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Sci Rep. 2017 Feb 14;7:42550. doi: 10.1038/srep42550.

Hematopoietic pannexin 1 function is critical for neuropathic pain.

Author information

1
Department of Pharmacology, University of Virginia, Charlottesville, Virginia 22908, USA.
2
Department of Microbiology, Immunology, Cancer Biology, University of Virginia, Charlottesville, Virginia 22908, USA.
3
Carter Immunology Center, University of Virginia, Charlottesville, Virginia 22908, USA.
4
Center for Cell Clearance, University of Virginia, Charlottesville, Virginia 22908, USA.
5
Department of Anesthesiology, University of Colorado, Aurora, Colorado 80045 USA.

Abstract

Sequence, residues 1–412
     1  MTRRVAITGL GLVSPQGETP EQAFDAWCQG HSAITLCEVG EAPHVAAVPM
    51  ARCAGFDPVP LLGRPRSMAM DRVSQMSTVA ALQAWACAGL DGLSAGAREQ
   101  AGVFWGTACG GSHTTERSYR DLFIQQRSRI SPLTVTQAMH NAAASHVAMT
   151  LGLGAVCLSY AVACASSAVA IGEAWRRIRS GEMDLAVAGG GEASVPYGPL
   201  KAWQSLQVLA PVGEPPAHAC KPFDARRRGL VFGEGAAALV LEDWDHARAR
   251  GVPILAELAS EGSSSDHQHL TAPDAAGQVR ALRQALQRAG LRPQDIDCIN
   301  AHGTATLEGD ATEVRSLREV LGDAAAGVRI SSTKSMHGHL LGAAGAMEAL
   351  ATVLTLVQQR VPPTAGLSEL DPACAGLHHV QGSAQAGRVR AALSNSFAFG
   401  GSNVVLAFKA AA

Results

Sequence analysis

Neuropathic pain symptoms respond poorly to available therapeutics, with most treated patients reporting unrelieved pain and significant impairment in daily life. Here, we show that Pannexin 1 (Panx1) in hematopoietic cells is required for pain-like responses following nerve injury in mice, and a potential therapeutic target. Panx1 knockout mice (Panx1-/-) were protected from hypersensitivity in two sciatic nerve injury models. Bone marrow transplantation studies show that expression of functional Panx1 in hematopoietic cells is necessary for mechanical hypersensitivity following nerve injury. Reconstitution of irradiated Panx1 knockout mice with hematopoietic Panx1-/- cells engineered to re-express Panx1 was sufficient to recover hypersensitivity after nerve injury; this rescue required expression of a Panx1 variant that can be activated by G protein-coupled receptors (GPCRs). Finally, chemically distinct Panx1 inhibitors blocked development of nerve injury-induced hypersensitivity and partially relieved this hypersensitivity after it was established. These studies indicate that Panx1 expressed in immune cells is critical for pain-like effects following nerve injury in mice, perhaps via a GPCR-mediated activation mechanism, and suggest that inhibition of Panx1 may be useful in treating neuropathic pain.

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